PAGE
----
“I wasn’t going to take any chances [to try and pass] if I didn’t need to,” said Jarrett.
“One of the things that we’re concerned about is not creating a moving target so that six days’ worth of Daytona 500 practice gets changed on the competitors,” said NASCAR President Mike Helton. “On top to the fact that we’re not convinced that any change we would make right now is necessary.
“I’ve got a good feeling that running 500 miles for a $9.3 million purse will change [the racing],” continued Helton. “The Daytona 500 will be a good race.”
The prestige of the Daytona 500, however, did not change the racing. From the drop of the green flag, the racing settled into the same style of single-file, follow-the-leader competition that was seen in the Twin 125s. The Ford teams, led by Jarrett and Mark Martin, held a stranglehold on the front.
In spite of the racing, however, the 2000 Daytona 500 did have a chance to be a memorable one. On Lap 158, Johnny Benson – A castoff after a failed stint with Roush Racing who came to Daytona with no sponsor for his Tyler Jet Motorsports Pontiac (The team found a season-long sponsor in Lycos.com the night before the 500) – took the lead, and held it throughout the closing stages of the race. With less than ten laps to go and the field still unable to pass the leader, it looked like Benson was on his way from pulling a remarkable upset.
Those hopes were dashed when a multi-car crash on Lap 193 set up a late-race restart with four laps to go. With a train of Fords behind him, led by the fastest car of Speedweeks in Dale Jarrett, Benson was ganged up on on the final restart, and put in the sucker hole all the way back to 12th place at the finish.
Appropriately, the race would end under caution after Jimmy Spencer crashed with two laps to go. resulting in no contest for Jarrett’s third victory in the Daytona 500.
In the immediate aftermath of the race, NASCAR responded to the complaints over the racing product by impounding three cars (Jarrett’s Ford, Skinner’s Chevrolet, and the Pontiac of 8th-place finisher Ward Burton) to be sent for Wind Tunnel tests. Jarrett, the obvious beneficiary of the racing, understood.
“From a driver’s standpoint, it’s a lot easier racing because we’re not threewide, side-by-side all the time,” Jarrett said the day after the 500. “But we understand that these fans pay to see that kind of racing. I think there’s some things we can do with these cars to make them better. … We’ve got this sport to the highest level right now and we don’t need to take away from that.”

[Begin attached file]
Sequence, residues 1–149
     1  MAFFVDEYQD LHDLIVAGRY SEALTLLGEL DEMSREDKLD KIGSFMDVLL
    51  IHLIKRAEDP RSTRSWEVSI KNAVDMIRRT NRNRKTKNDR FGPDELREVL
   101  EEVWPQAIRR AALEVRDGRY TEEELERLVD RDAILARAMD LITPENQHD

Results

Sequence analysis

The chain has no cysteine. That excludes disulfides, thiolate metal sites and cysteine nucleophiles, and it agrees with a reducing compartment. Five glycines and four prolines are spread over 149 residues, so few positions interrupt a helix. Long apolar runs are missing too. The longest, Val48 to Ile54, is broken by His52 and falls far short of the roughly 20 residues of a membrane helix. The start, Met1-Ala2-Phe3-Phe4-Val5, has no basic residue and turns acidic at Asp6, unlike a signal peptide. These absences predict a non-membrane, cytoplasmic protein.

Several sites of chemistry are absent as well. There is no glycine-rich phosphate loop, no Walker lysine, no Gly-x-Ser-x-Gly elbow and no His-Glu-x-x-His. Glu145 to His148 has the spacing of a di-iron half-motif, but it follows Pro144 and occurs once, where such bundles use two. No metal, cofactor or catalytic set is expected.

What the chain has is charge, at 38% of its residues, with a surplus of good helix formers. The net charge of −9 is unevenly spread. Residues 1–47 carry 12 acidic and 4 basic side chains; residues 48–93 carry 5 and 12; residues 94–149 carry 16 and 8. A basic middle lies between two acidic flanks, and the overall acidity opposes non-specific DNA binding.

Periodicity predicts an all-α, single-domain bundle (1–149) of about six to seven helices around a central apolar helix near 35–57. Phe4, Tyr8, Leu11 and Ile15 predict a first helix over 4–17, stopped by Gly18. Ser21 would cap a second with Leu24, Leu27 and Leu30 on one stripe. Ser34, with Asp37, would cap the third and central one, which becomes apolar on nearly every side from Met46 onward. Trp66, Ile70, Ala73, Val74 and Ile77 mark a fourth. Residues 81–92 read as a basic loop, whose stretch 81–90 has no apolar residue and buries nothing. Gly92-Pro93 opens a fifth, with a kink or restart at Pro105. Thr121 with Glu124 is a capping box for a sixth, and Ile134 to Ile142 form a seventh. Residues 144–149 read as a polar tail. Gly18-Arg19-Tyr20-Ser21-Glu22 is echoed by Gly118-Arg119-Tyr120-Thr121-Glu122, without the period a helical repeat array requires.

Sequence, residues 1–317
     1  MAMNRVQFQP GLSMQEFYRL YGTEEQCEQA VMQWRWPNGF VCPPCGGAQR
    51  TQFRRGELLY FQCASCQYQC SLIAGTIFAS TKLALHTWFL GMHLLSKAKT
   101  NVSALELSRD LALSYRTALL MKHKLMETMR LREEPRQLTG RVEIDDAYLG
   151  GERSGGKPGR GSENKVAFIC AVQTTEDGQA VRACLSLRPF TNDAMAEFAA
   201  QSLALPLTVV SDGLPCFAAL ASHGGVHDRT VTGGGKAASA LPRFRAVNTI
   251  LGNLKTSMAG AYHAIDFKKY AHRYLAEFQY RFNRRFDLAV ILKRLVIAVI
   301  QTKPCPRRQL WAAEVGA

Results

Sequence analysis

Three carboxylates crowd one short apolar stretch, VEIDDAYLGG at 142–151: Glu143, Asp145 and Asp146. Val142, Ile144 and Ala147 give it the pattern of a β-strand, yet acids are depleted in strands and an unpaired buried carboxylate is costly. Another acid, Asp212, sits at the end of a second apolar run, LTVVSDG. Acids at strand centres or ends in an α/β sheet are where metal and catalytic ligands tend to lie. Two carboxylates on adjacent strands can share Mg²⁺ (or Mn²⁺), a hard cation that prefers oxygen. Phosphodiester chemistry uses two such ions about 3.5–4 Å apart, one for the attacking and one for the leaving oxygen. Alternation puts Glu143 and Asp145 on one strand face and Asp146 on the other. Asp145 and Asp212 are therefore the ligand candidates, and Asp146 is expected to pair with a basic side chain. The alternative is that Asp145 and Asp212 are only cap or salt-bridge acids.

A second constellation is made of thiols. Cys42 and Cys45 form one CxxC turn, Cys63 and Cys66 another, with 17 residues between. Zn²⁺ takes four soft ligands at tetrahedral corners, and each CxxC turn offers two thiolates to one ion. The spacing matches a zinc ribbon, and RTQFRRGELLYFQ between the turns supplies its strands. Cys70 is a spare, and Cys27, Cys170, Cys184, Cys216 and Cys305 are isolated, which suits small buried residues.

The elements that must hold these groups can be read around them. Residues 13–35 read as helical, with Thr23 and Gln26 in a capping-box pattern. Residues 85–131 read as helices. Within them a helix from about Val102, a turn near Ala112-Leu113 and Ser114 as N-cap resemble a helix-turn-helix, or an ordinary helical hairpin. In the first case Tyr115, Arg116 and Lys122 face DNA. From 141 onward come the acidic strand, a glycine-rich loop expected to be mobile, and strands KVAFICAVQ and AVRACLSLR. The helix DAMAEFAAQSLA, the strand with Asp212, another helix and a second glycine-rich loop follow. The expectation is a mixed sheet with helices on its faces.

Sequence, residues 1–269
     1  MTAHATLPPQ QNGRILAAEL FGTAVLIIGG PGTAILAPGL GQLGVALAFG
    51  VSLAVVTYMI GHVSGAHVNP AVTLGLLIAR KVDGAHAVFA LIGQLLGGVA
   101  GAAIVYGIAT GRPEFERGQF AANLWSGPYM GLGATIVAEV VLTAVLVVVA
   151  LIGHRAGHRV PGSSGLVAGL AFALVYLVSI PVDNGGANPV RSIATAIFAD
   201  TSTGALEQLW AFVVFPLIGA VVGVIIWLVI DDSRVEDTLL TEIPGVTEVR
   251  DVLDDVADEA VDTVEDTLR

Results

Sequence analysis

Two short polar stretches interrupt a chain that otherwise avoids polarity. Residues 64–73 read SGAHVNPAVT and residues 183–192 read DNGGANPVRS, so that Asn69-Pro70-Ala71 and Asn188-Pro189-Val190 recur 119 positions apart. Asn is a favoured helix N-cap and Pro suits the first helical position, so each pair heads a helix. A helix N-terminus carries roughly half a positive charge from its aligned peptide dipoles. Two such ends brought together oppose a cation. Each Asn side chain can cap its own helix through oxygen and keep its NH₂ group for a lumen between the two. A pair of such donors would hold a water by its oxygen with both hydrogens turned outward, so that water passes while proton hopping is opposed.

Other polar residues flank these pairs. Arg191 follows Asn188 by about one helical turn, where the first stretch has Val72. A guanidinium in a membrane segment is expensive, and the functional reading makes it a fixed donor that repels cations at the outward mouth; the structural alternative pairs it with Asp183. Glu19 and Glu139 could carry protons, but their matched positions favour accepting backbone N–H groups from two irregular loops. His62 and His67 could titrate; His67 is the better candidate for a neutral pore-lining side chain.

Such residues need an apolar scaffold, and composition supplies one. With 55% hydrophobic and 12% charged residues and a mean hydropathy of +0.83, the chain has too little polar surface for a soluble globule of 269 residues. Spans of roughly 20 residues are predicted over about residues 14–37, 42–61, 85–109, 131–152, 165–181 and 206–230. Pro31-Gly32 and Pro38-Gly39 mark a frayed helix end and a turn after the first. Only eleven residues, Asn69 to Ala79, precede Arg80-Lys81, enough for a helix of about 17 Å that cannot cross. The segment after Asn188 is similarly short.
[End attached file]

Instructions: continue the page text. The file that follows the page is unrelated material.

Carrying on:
While April’s DieHard 500 at Talladega Superspeedway would be a much more competitive race with 27 lead changes, July’s return trip to Daytona would be more of the same: A ho-hum affair dominated by Fords that only featured ten lead changes. As a result, when the Winston Cup Series convened at Talladega in October for the Winston 500, NASCAR both increased horsepower and introduced a “wicker bill” to be placed on both the rear spoiler and the roof of the car in order to create a bigger “hole” in the air in order to increase passing.
The result was an instant classic, which featured 49 lead changes and Dale Earnhardt charging from mid-pack to the lead in the final laps to claim his 76th and final Winston Cup victory. The next year, two more all-time classics in the 2001 Daytona 500 and 2001 Pepsi 400 would ensue under the aerodynamic rules, as well as two extremely competitive races at Talladega.
Ultimately, the 2000 Daytona 500 ultimately turned out to be an important one in the history of NASCAR racing, because it directly resulted in some of the greatest and most significant races ever run. The scenes that transpired on superspeedways at the end of 2000 and in 2001 – Earnhardt’s final victory, Michael Waltrip’s first, Bobby Hamilton’s triumph in a Talladega race that saw cars four and five-abreast coming to the finish, and Dale Earnhardt Jr.’s victory in the first race at Daytona after his father’s death at the track – all came to be because of the lessons learned from the “boring” 2000 Daytona 500.
In all, few who witnessed Daytona Y2K will say that they were enthralled by the experience. However, they have a lot of incredible racing and important moments to thank it for.